At 6-foot-1, Sam Mattis was notably shorter than other top discus competitors on the podium, who stood between 6-foot-3 and 6-foot-7.

Credit: Courtesy of the Mattis Family

For Penn track and field, the past weekend was the proverbial pot of gold at the end of the rainbow.

After months of hard work and continuous team improvement, three of Penn’s top athletes got the chance to represent the school at collegiate track and field’s most elite and competitive meet: the NCAA Finals.

Those athletes were 2014 Penn graduate jumper Maalik Reynolds and rising junior throwers Sam Mattis and Kelsey Hay, all of whom advanced to the Finals after strong performances in NCAA Regional competition.

All three made the trip out to compete in Eugene, Ore. along with various members of Penn’s coaching staff, including head coach Steve Dolan. Dolan was unable to be reached for comment at this time.

Going into the weekend, Dolan had high expectations for all three of his athletes, but especially for Reynolds and Mattis, both of whom were high qualifiers in Regionals and were expected to compete for All-American honors.

And in the end, all three athletes would deliver on their respective expectations.

Of special significance was the performance of Reynolds, the last of his storied career in the Red and Blue.

Over the past few years, Reynolds has been the undisputed face of Penn’s track and field program, consistently ranking amongst the top high jumpers in the nations and racking up enough accolades to make several premiere athletes careers.

However, Reynolds has had a relatively up-and-down year by his lofty standards, most surprisingly registering a disappointing showing at this year’s indoor Heptagonal Championships .

But Reynolds erased all memory of indoor Heps with a solid seventh place, becoming a first-team All-American for the sixth time and ending his storied college career on top.

Reynolds’ exit will undoubtedly be a huge blow to Penn’s program, but there is an exciting group of young, talented athletes who are more than ready to take his place at the helm.

Among this group of up-and-coming stars are Mattis and Hay, both of whom broke out during the season.

Mattis and Hay have led the resurgence of the Quakers’ throwing program, which was arguably the most consistent source of the team’s relative success throughout the outdoor season after a few years of relative obscurity.

Mattis was one of the nation’s top performers in the discus and one of the stars of the men’s squad all season, and he continued his winning ways over the weekend at the NCAA Finals.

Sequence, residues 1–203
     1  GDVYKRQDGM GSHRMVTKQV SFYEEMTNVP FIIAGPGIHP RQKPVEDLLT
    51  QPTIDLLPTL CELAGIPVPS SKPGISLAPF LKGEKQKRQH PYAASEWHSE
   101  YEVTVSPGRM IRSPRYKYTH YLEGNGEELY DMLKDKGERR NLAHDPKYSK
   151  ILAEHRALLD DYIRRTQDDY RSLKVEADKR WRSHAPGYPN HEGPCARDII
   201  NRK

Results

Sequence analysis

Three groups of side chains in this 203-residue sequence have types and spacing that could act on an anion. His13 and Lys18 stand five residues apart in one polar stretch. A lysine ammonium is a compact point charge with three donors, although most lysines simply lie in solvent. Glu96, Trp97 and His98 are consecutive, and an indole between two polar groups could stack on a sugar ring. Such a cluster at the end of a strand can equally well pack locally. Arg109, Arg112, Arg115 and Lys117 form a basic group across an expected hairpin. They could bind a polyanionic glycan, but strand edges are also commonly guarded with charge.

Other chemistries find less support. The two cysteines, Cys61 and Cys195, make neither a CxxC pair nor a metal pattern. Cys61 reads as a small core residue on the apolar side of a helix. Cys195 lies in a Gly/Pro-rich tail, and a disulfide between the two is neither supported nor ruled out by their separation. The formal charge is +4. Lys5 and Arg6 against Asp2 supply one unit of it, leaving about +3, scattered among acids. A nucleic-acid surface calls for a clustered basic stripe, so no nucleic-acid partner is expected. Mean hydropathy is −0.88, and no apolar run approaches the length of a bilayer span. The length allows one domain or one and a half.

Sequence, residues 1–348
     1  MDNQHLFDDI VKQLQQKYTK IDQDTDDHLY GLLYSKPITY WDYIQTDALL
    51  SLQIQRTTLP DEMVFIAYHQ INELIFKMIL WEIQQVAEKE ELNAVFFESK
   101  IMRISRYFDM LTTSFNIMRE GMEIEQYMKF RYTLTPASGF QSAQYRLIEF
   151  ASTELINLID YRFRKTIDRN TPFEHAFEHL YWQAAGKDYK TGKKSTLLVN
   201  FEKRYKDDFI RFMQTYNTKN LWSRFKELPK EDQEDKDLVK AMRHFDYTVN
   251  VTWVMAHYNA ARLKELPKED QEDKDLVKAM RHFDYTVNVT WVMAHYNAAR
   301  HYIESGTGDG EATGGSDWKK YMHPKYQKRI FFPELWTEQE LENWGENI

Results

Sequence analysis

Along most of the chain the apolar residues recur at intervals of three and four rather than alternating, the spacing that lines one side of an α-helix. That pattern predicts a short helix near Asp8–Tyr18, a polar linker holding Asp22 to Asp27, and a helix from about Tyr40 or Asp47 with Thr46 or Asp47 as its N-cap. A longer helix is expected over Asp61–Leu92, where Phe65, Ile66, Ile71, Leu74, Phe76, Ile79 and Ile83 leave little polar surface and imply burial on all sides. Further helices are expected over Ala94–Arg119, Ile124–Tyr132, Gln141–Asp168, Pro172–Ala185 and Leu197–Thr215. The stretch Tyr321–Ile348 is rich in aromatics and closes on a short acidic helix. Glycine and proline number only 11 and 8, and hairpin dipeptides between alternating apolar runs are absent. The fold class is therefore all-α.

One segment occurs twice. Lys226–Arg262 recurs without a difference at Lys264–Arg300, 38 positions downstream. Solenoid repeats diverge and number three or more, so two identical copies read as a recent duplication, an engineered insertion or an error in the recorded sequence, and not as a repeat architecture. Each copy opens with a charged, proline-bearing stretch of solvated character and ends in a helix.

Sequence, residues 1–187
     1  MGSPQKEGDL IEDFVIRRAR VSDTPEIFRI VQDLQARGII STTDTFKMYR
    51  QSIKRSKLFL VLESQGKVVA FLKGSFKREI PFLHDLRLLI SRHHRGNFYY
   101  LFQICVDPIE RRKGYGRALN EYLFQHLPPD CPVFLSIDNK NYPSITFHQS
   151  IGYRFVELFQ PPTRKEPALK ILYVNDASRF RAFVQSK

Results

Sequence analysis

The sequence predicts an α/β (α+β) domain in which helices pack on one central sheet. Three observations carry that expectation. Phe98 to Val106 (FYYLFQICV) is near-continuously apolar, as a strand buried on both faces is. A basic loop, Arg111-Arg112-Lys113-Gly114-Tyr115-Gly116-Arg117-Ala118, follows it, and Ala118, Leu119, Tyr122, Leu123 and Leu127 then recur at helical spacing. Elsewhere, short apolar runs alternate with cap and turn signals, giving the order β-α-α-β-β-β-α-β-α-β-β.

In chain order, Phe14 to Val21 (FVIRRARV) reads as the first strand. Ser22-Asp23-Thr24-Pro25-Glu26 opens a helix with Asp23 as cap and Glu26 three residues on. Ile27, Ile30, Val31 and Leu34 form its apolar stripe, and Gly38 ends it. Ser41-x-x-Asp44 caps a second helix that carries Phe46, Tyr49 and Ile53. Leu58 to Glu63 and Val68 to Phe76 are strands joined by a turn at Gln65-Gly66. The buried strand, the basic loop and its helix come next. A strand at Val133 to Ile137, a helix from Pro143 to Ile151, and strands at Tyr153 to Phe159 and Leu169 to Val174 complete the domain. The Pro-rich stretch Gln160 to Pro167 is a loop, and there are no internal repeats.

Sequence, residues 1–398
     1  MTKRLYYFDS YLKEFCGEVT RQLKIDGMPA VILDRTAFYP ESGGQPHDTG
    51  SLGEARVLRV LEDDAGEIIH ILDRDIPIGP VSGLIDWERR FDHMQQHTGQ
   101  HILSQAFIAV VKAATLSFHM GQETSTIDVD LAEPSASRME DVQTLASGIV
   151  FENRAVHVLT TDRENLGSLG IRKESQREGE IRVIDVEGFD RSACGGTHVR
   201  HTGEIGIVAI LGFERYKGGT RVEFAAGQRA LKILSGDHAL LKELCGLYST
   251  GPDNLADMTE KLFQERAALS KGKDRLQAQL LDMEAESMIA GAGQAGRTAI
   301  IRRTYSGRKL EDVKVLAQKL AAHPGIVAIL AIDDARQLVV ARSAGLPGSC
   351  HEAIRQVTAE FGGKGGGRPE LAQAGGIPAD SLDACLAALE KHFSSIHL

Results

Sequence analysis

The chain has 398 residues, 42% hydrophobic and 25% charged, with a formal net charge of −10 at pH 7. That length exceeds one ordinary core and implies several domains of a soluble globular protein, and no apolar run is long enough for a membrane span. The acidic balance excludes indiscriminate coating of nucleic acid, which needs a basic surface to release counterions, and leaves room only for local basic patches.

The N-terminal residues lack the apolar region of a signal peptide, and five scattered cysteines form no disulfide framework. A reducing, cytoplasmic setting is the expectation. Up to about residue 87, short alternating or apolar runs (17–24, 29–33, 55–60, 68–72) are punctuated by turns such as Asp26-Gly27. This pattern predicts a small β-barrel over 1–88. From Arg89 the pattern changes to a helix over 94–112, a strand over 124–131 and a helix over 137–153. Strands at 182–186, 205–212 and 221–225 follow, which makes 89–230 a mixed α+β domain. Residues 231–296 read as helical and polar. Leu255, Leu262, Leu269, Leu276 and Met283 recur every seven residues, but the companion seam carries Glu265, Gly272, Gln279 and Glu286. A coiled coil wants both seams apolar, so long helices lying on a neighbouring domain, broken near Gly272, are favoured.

With a monstrous toss of 60.33-meters, Mattis earned a fifth-place finish in the meet’s discus throw and the first All-American honors of his career.

Fellow rising junior Hay had a similar breakout season to Mattis in that she was arguably the women’s most consistent top performer, but she did not go into the Finals with similar expectations.

While Mattis was a high qualifier, Hay earned the last qualifying spot in the women’s javelin.

However, as she has done all season, she outperformed expectations, registering a 47.28m throw en route to a very encouraging 18th place overall finish. With that finish, she earned honorable mention All-American status, the first such recognition of her career.

By showcasing both the exit of the program’s top senior and national arrival of two of its top underclassmen, the NCAA Finals clearly illustrated a trend that has developed all year for Penn track and field: the rise of the program’s young athletes.

However, one of the program’s young guns was conspicuously absent from the proceedings.

Distance runner Thomas Awad was unable to qualify for Finals after falling ill during his qualifying meet. It was an unrepresentative end to what was an otherwise utterly dominant season for the rising junior.

In this respect, the Finals were a bit disappointing and the pot of gold a bit less heavy.

But it is doubtful that Dolan views the situation the same way.

Dolan has always stressed the importance of his team’s journey, but to him, there never was a proverbial pot of gold at the end of the season.

In fact, he has already moved on from the outdoor season and made a trip overseas, supporting a select group of his athletes who will compete in Europe over the summer.

To him, the NCAA Finals were never supposed to provide any tangible payoff, but rather just another checkpoint on his young team’s journey to greatness.

The real payoff may lay months or even years into the future, but at this rate, it looks like it will be sweet.

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